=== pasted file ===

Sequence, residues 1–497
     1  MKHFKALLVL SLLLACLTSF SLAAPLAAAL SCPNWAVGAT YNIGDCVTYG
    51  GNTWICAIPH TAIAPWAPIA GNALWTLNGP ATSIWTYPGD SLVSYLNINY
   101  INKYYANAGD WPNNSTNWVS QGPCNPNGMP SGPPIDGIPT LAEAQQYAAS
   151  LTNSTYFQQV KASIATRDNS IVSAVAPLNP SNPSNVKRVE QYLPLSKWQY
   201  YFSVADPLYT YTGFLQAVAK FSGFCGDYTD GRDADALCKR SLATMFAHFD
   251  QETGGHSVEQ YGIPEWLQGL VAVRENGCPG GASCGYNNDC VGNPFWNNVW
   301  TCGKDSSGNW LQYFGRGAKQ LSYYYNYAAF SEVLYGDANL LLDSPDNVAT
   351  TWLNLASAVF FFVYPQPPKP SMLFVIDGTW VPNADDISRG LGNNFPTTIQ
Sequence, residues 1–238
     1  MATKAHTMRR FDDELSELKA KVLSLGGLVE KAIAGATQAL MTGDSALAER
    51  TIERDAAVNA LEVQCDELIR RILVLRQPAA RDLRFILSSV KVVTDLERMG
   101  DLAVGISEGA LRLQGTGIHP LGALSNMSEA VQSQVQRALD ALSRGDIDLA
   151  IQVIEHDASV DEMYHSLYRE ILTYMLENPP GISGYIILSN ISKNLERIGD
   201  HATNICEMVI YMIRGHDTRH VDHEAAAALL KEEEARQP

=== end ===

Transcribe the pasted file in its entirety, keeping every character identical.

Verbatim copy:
Sequence, residues 1–497
     1  MKHFKALLVL SLLLACLTSF SLAAPLAAAL SCPNWAVGAT YNIGDCVTYG
    51  GNTWICAIPH TAIAPWAPIA GNALWTLNGP ATSIWTYPGD SLVSYLNINY
   101  INKYYANAGD WPNNSTNWVS QGPCNPNGMP SGPPIDGIPT LAEAQQYAAS
   151  LTNSTYFQQV KASIATRDNS IVSAVAPLNP SNPSNVKRVE QYLPLSKWQY
   201  YFSVADPLYT YTGFLQAVAK FSGFCGDYTD GRDADALCKR SLATMFAHFD
   251  QETGGHSVEQ YGIPEWLQGL VAVRENGCPG GASCGYNNDC VGNPFWNNVW
   301  TCGKDSSGNW LQYFGRGAKQ LSYYYNYAAF SEVLYGDANL LLDSPDNVAT
   351  TWLNLASAVF FFVYPQPPKP SMLFVIDGTW VPNADDISRG LGNNFPTTIQ
Sequence, residues 1–238
     1  MATKAHTMRR FDDELSELKA KVLSLGGLVE KAIAGATQAL MTGDSALAER
    51  TIERDAAVNA LEVQCDELIR RILVLRQPAA RDLRFILSSV KVVTDLERMG
   101  DLAVGISEGA LRLQGTGIHP LGALSNMSEA VQSQVQRALD ALSRGDIDLA
   151  IQVIEHDASV DEMYHSLYRE ILTYMLENPP GISGYIILSN ISKNLERIGD
   201  HATNICEMVI YMIRGHDTRH VDHEAAAALL KEEEARQP